11th Circuit Will Not Order Schiavo TRO

Eleventh Circuit decision refusing on a 2-1 vote to overturn the district court's denial of a TRO.

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3 Responses to 11th Circuit Will Not Order Schiavo TRO

  1. Having run through the full series of state courts and rapidly progressing through the federal it is almost certain that this case will be appealed to the Supreme Court again. But with both of the affirming judges and even the dissenting judge saying that the case has little likelihood of proceeding based on the merits of the case what do you think the odds are that the Supreme Court will hear the case?

    There are significant constitutional questions to the legislation which transferred the case into the federal arena but what would be the constitutional questions regarding the case itself? I have read the original complaint by the Schindler family and it seems like a flailing child so desperate to hit anything that all it does is swing its fists in the air and hope.

    The question of whether it violates Terri Schiavo’s religous principles seems as difficult to determine as whether she would wish to be kept alive: Religous principles are a personal matter and often shared only with close family and friends if at all, therefore it seems that anything dealing with her religous beliefs is suspect. (While I consider myself a good catholic many other good catholics would disagree with me) How would that be determined at all?

    The 8th Amendment claim would seem to imply an incarceration other than in her own body and mind. (Though I may not understand this claim)

    The 14th Amendment claim seems to be the only one with even a hint of plausibility to it.

    So many charges and accusations of constitutional violations are flying around that it’s hard not to get hit in the face with them in every article or blog post but when it comes down to the fine points of Constitutional Law, what is there to decide on?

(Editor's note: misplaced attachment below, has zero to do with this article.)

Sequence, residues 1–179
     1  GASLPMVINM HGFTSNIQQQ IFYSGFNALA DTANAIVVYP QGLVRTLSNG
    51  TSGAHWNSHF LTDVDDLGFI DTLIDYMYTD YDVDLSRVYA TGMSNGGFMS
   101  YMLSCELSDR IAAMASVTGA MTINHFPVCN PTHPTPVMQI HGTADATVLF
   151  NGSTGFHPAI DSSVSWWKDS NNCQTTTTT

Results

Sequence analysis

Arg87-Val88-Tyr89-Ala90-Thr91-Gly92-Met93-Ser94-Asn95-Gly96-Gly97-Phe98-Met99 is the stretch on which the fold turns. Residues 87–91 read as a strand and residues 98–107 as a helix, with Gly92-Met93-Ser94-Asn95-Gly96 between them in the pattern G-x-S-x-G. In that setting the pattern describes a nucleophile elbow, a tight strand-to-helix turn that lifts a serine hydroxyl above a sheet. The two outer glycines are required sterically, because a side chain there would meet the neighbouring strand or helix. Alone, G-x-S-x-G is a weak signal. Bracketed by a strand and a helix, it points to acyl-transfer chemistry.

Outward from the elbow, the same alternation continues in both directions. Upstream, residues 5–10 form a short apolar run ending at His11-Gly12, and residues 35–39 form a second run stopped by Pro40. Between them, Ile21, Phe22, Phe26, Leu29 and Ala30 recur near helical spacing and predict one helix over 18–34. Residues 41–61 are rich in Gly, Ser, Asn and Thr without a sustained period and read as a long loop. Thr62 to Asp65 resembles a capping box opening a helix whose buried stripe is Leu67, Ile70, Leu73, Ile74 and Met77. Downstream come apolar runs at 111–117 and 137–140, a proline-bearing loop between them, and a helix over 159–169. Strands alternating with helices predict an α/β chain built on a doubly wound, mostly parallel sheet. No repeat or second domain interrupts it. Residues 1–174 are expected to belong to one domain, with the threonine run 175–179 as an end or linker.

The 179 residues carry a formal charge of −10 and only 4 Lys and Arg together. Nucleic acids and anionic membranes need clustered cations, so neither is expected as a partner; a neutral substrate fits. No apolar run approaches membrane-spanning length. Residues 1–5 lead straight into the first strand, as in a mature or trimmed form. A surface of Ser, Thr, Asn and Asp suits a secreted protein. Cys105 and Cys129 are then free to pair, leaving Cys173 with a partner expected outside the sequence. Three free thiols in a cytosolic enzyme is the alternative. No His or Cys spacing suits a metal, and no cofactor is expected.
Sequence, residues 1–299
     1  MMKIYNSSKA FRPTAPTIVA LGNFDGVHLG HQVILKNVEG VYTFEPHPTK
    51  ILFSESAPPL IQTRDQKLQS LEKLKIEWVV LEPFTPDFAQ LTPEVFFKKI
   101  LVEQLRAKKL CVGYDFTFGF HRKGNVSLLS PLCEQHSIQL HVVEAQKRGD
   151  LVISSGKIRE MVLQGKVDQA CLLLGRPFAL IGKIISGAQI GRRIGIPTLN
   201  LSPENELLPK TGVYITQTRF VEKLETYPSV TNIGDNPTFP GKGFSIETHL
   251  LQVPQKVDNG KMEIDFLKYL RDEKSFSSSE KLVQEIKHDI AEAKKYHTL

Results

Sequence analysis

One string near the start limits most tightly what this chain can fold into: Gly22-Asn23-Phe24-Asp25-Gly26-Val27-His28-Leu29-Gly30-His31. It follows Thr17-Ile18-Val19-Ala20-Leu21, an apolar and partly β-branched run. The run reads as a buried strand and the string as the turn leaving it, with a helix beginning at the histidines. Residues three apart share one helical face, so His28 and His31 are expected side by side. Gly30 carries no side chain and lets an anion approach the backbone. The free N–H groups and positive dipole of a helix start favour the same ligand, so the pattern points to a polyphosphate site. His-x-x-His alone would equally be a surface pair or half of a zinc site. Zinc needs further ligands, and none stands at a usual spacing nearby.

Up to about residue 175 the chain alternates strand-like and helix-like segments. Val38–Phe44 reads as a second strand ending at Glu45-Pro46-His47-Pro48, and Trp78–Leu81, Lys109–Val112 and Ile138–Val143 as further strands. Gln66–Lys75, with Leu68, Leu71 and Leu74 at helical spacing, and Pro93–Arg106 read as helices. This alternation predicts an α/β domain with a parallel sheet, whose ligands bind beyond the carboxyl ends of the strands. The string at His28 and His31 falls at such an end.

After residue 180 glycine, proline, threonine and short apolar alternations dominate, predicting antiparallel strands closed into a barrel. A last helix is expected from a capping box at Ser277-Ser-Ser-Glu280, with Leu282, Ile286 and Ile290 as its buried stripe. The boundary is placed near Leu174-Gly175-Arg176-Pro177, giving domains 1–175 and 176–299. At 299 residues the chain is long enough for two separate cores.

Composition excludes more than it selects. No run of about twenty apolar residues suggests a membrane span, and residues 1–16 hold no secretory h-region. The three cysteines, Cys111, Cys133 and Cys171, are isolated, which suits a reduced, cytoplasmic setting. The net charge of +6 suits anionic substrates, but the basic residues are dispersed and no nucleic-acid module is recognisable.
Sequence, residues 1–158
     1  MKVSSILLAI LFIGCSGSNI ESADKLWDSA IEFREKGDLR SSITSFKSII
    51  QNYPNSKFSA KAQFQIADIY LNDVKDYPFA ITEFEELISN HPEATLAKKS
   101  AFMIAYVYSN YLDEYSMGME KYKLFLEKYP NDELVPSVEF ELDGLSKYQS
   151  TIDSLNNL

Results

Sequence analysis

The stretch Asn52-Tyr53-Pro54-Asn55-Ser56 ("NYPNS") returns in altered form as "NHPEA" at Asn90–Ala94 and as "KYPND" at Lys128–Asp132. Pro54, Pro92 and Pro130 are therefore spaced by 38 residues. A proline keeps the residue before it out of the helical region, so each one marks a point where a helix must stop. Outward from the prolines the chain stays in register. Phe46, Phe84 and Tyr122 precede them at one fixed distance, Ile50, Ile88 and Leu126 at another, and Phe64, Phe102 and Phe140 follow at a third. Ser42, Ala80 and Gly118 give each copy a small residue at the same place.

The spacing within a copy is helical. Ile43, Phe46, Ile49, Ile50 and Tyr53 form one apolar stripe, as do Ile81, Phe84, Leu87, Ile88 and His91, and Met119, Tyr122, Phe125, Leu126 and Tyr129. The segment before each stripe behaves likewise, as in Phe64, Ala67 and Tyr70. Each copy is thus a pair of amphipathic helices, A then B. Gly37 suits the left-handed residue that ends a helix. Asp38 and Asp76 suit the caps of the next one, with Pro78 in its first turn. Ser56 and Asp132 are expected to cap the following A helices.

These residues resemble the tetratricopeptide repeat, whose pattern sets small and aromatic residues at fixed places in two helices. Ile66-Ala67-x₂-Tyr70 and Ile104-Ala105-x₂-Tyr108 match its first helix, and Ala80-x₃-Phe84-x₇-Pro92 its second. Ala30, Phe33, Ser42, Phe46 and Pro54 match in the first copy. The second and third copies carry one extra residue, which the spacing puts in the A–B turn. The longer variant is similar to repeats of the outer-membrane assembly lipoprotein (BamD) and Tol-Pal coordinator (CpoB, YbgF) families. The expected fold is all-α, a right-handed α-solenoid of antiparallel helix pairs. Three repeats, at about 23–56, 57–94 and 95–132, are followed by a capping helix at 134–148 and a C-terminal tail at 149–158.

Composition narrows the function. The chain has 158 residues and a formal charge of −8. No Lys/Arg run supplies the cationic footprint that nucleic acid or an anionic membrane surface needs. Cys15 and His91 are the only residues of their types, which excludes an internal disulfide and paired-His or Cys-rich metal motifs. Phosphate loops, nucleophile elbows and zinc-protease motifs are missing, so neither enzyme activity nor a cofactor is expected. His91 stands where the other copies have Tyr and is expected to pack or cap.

Thanks.

    (PS I am neither lawyer, nor law student, nor aficianado, just curious)

  2. “The question of whether it violates Terri Schiavo’s religous principles seems as difficult to determine as whether she would wish to be kept alive: Religous principles are a personal matter and often shared only with close family and friends if at all, therefore it seems that anything dealing with her religous beliefs is suspect. (While I consider myself a good catholic many other good catholics would disagree with me) How would that be determined at all?”

    The First Amdt claim is actually the easiest to dispose of, as private actors cannot violate your free exercise of religion right – the state must do so. The husband and the hospice are both private actors. Greer, the third named defendant, is a judge, and is a state actor. However, I think that judges are granted deference where they are performing only ministerial functions and where their actions don’t rise to a ‘malicious’ standard. Petitioners’ allegation that Greer ‘advocated’ doesn’t come near that standard. Also, Free Exercise complaints are only valid where the law in question targets the activity in question. Here, the law is one of general applicability.

  3. Bradley says:

    Thanks Scott.

    Anyone want to take a crack at the other two?

    Bradley

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